8. You just repeated pretty much everything I said. I'm not talking about anything endorsement related or related to tournament week expenses like hotel, car, etc. Everyone knows and understands that endorsment and sponsor deals entail playing in their events. Im talking about a true payout to guys for being in the tournament. Non-endorsement related. Players actually being able to negotiate for themselves a fee to appear. It can be done, and done easily. And its guaranteed money, regardless of performance. Every player can have the ability to do it. Even if its just 5-10K for
  9. My point is that athletes do things for money. That's the #1 driving goal. Sure, things like championships and trophies matter, but they matter largely because it makes them more money....whether that be through playing contracts, bigger endorsements, etc. Other auxillary things like city, lifestyle, etc may matter a little, but in the end its the dollars. We're going through something like this here in Wisconsin, with Aaron Rodgers and the Packers. He's pissed because he feels he's not making enough money. Period. Has nothing - zero - to do with the team. He's an MVP, he f
  10. I'm not talking about things sponsors might give to players, like the courtesy car, paying them to do some sort of pro-am or meet-and-greet, or a free room at the hotel....I'm talking about a true payout to actually play in an event that sponsors don't have to hide behind or classify as some sort of player expense. It would probably help garner sponsorship dollars if the tour actually let sponsors try and buy players to be in their event.
  11. Um...take a look at the field for the most recent Saudi International. Money talks.
  12. No they don't. Its expressly forbidden. Appearance fees are given to American players to play in many overseas tournaments, but PGA Tour sponsors are not allowed to pay appearance fees to anyone.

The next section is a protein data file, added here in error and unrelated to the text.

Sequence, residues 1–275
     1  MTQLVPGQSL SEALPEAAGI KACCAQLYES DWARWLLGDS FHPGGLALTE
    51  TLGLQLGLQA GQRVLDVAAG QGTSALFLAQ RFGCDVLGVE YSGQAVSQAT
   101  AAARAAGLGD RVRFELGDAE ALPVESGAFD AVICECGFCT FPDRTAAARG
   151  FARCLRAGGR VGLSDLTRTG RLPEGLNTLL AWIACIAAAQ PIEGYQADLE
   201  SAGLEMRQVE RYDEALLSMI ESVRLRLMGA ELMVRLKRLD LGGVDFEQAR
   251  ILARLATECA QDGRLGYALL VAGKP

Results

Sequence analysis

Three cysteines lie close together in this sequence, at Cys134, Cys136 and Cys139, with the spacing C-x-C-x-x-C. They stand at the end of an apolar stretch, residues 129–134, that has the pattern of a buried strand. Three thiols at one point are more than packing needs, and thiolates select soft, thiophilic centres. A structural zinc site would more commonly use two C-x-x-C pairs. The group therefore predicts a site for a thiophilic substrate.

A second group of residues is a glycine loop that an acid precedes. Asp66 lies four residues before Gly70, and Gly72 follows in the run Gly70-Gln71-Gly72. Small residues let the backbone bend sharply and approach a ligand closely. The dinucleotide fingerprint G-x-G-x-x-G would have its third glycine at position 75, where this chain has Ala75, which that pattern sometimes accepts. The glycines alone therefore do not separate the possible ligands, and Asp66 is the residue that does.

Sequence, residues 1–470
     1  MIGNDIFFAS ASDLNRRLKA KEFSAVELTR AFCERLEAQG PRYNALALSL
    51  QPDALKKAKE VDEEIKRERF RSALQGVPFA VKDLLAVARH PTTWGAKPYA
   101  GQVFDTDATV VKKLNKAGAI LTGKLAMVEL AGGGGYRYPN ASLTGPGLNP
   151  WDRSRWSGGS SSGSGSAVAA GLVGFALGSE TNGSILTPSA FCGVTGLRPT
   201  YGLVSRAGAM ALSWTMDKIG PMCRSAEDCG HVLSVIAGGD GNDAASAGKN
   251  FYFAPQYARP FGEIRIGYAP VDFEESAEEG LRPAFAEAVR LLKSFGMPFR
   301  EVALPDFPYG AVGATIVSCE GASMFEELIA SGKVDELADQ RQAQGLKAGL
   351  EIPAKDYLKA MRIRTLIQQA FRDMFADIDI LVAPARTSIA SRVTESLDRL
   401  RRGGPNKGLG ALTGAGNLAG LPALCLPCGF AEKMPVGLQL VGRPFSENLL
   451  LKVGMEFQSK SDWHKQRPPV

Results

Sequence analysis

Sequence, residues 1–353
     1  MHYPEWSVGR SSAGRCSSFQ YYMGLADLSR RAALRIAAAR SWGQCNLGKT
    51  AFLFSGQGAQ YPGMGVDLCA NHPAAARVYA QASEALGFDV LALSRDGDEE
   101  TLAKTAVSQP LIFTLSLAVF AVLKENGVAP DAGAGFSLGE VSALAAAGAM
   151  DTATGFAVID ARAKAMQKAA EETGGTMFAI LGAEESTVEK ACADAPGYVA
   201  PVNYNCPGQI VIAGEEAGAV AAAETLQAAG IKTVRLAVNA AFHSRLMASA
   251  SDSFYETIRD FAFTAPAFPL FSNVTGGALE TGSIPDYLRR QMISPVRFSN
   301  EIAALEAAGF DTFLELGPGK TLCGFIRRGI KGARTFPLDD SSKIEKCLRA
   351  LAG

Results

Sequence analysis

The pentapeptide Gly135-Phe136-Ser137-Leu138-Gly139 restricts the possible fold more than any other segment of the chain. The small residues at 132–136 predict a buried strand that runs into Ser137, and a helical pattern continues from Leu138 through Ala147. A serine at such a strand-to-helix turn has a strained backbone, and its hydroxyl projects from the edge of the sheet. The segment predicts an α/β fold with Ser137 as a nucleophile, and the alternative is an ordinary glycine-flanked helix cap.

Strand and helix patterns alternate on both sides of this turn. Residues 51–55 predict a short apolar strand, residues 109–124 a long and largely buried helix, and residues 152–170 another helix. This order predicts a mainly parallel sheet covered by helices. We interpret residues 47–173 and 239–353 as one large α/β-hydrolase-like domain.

13. There's no way the PGA Tour doesn't go through some sort of course/purse correction, and very soon. We're now post-Tiger era. Its getting harder to find sponsors and put on tournaments. The top players themselves all want to play fewer events or have a shorter schedule. This stuff will be coming to a head, and perhaps this PGL news will now accelerate that. One way for the PGA Tour to leverage themselves better would be to allow individual sponsors for tournaments to pay appearance fees to draw better fields. It happens overseas, but not on the PGA Tour. Right now, so many To
  14. The PGA Tour can do nothing with regards to the majors. They are all their separate entities. You'd need the USGA or the folks at Augusta would have to stick their neck out and say that. But imagine Fred Ridley saying that PGL members are no longer eligible for the Masters, and a guy like Brooks Koepka accepts the offer and joins anyway. And some other players follow, especially younger guys. The only ones weakening their product is Augusta....the players are still getting paid. Golf entities like the PGA Tour, the USGA, the R&A, Augusta, etc all claim to be g
  15. If there is one thing you can guarantee with people that have lots of money, it is they want more of it. People sometimes don't understand how expensive it is for these people to live the way they do, and maintain that lifestyle. Most of the top players in the world that are 'comfortable' for lack of a better word all have multiple homes. Their own jets. Private business interests with lots of money invested in them. As Michael Douglas in Wall Street would say, "Rich enough not to waste time." "Downsize" isnt a word in the alphabet of most people with ungodly sums